Sunday, 2 February 2014

Open Ended Spaces

I think everyone is familiar with the term loose parts and we all know a massive sandpit and different textures with some ups and downs and different levels makes a great outdoor play space, but I just wanted to touch on actual spaces within that play environment specifically man made structures.

When I first started working in early years 20 odd years ago - yes, that long! - we all had a Wendy House. I think half way through my NVQ 3 that term became well outdated and swapped for play house, fifteen years later when I finally got round to do my degree times had changed again and 'open ended' was a word that was often bandied about.

The best open ended den structure inside or out is either a cardboard box or a sheet over some chairs or a table. Non gender specific, ooodles of opportunity and can change from a lost world of dinosaurs to a full on birthday party boogie spot in a matter of minutes. I was flicking through my Facebook albums today to find some examples of great open ended structures, so here we go...

The first one is a re-cycled den. I saw a similar one at Wychwood Festival - lovely little  festival den video here - I was asked to run a workshop at a pre-school's evening summer fete so amongst other things took some bamboo poles and fabric from scrapstore. We cut elder rounds to poke on the top of the bamboo and arranged the poles in a semi circle around an existing den under the trees. The children - and parents! - loved weaving the fabric in and out and it quickly built up into a colourful curve that in total cost about £4 to make. We ran out of fabric and ended up cutting up carrier bags and plastic aprons!

Denbuilding workshop, Mansion House Pre-School
 This next one is at a new nursery with a garden made up of several levels with a few big drops. They managed this by fencing the top part with wood, cutting peep holes in the wood and then adding an old windsurf sail as a roof which is great as it has a large see through circle in it for sky gazing or watching raindrops.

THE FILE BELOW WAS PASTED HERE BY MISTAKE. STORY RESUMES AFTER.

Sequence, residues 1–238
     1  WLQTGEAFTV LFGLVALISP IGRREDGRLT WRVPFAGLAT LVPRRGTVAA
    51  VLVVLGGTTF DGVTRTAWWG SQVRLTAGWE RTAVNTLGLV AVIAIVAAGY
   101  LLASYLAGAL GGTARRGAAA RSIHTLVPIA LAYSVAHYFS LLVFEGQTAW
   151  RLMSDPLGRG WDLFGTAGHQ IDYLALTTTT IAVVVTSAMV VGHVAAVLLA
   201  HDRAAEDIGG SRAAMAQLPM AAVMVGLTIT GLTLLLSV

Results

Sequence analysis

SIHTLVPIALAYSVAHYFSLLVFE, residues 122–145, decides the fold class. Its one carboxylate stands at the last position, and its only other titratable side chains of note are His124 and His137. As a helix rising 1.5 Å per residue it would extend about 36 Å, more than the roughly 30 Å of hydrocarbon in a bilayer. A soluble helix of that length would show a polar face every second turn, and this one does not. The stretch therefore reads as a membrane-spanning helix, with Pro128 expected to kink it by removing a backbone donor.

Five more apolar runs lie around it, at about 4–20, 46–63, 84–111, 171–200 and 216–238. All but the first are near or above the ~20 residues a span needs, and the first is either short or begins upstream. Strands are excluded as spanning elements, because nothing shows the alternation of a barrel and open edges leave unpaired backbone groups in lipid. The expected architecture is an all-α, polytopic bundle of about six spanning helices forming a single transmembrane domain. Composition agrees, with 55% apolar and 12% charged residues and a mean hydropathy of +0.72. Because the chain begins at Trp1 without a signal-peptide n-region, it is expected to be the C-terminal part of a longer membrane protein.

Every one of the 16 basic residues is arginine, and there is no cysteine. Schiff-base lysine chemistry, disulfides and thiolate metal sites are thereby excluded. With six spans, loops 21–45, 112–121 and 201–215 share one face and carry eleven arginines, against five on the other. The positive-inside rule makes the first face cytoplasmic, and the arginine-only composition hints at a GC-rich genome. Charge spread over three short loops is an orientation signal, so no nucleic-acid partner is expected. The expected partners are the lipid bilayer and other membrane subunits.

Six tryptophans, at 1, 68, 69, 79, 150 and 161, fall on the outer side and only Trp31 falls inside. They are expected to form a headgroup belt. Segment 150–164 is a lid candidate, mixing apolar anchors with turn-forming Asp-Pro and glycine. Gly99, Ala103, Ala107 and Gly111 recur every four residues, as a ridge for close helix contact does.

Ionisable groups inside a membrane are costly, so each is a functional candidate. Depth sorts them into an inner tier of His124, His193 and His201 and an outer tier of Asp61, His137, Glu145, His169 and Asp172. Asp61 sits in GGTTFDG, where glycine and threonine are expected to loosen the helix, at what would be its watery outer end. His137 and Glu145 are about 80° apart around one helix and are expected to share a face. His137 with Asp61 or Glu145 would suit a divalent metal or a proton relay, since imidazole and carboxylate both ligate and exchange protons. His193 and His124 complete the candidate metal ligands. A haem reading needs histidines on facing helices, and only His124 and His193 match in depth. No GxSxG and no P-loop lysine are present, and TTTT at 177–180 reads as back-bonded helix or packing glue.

Snowdrop Cottage
 This is a structure on a nursery with a really windy play area backing on to the village playing field. They created this great open ended structure which could be added to with cushions and blankets, woven through, topped with branches, sparkly muslin or camo net to create infinite possibilities.

Neston Pre-School
 This next triangle is not big enough to sit in - but I think you could make a bigger one - but is a really versatile piece. Could be a shop, farm, cafe, garage, dolls house... the list is endless. It could also house something new everyday to spark curiosity, a couple of beautiful shells, a pile of conkers or even just a sprinkle of sequins.

Box Pre-School
 This is not so much a den but more of an example of real open ended outdoor play in a public space. A colleague (Hello Ella!) put this in to an area that would be used by both the village and prisoners waiting centre. Families may have travelled a long way for a visit and this gave the children somewhere to let off a bit of steam or sit and chat. I'm sure you can already imagine several games that could be played here.

Erlestoke Prison
 I feel this next example is one of the best. It has pots and pans laying around which suggests a mud kitchen but the whole thing is on massive castors so can be pushed around the woods. It can be sat in, laid in and stood next to. It could be a stage, a snug or a garage or shop just like the triangle above.

Woodland Adventurers
So whether you have a roof, wheels or walls, keep it really simple and truly open ended to create as many opportunities as possible. And if you can't afford to put anything new in, you know what to do, get a cardboard box!

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